If one of our mater scratch-building model makers is willing to build the finished version one of these models, I can write up a report, a Points Paper for Proposal, and I will submit it to the CNO’s Strategic Studies Group for official consideration by the Chief of Naval Operation, Admiral Gary Roughead.

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PostPosted: Wed Feb 24, 2010 7:20 pm 
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My proposal is in addition to the foreign equipment which includes:
- 1 x Mk45 Mod4 5"/62-caliber gun -or- Oto 76mm rapid-fire gun
- 8 x Harpoon II anti-ship missiles
- 32 x Mk41 Mod12-15 Vertical Launch Tubes capable of firing Standard Missiles, Evolved Sea Sparrow, Tomahawk, and ASROC missiles.
- These are all in addition to the US ships’ standard capabilities.

Keeping in mind the above, let us figure a “payload” appropriate for LCS’s size:
- AAW: SPY-1F phased array (mini-Aegis) and 2 illuminators if necessary
- 32 VLS cells
- ASW modern frigate towed array and keel mounted sonar
- Gunnery both defensive and offensive: Possibly gunnery as much as the Mk45 Mod4 but a minimum of the newest 76mm Oto. If possible, a redesign of the stern allowing the Mk110 57mm or 76mm to be mounted aft of the helicopter deck arming the ship with 2 large guns
- Land Attack: 8 TLAM stored in VLS
- Recon/Intel gathering: Embarked UAV detachment
- SOF support: Dedicated onboard facilities such as a weight room, SBT boat facilities such as their 11 meter RHIBs and perhaps facilities for Mk5 SOC.
- Intimidation factor: Dazzle paint scheme similar to that worn by some PCs.
- CIWS: 1 Phalanx and 1 RAM
- Boat capability standard, possibly increased to accommodate Special Boat Team craft.
- Helo Support: Embark 2 60 series helicopters
- Chaff and NULKA launchers

What do you guys have in mind?

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PostPosted: Wed Feb 24, 2010 7:26 pm 
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Just make sure not to overload the displacement!

Also, is it safe to assume that Flight II will not have a swappable module component?

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PostPosted: Wed Feb 24, 2010 8:08 pm 
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For a more effective gun (if you're going to use the OTO 3") I'd go with the new Italian SR (Super Rapid) version; 120 rpm!!!! Very effective against subsonic cruise missiles at ranges of over 6,000 yards. One gun can engage 4 seperate SSMs before they breach the 1,000 yard line. Add a new low RCS gun house to it and you have a badass 3"/76. I think anyway :cool_1:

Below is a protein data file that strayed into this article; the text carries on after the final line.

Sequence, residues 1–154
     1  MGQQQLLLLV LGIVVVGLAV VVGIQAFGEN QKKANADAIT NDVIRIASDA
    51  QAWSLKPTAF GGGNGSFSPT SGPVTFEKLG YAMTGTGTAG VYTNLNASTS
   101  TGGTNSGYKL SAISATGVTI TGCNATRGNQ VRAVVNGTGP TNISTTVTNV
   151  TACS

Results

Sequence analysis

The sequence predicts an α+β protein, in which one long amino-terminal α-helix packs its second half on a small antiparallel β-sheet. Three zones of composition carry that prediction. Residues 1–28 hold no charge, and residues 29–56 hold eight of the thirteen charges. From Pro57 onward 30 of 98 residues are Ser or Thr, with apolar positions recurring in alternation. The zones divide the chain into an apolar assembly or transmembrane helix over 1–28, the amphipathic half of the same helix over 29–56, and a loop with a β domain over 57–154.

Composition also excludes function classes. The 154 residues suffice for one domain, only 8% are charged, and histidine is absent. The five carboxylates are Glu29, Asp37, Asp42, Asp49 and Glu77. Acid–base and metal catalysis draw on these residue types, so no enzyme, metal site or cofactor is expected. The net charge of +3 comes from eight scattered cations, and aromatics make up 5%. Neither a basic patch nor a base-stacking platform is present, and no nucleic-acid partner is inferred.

Take a look if you're curious.
http://www.navweaps.com/Weapons/WNUS_3-62_mk75.htm

A thought for the SOF craft capability, not sure on the size/type of boat you want to use. You could always stow one too large for the standard boat davits/RHIB crane in the helo hangar in lieu of an HH-60. You'd need a crane to launch it though and I know that's not the best way to launch a heavily loaded boat... Just thinking out loud, the LCS doesn't have much spare deck space. Think it would need a re-design to handle a Mk-5.

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PostPosted: Wed Feb 24, 2010 8:56 pm 
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Timmy C wrote:
Just make sure not to overload the displacement!

Also, is it safe to assume that Flight II will not have a swappable module component?

Well, that's an awefully good question, Timmy. I think they would be greatly reduced, but since some of these mission modules are just connex boxes, I think they would still be able to take some of them.

LCS-2 has INCREDIBLE reserve up top. The tri-hull gives them an amazing allowance. It looks like LCS-2 is the best platform, because it has the outer hull that actually shields the inner hull, so that would provide a lot of the ship with significant protection.

But to your original question, I would suggest that some if not all of the swappable modules be replaced with a hard capability. It seems integrated capability is so much greater than something you can fit in a connex box.

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PostPosted: Thu Feb 25, 2010 12:00 am 
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PostPosted: Thu Feb 25, 2010 1:37 am 
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carr wrote: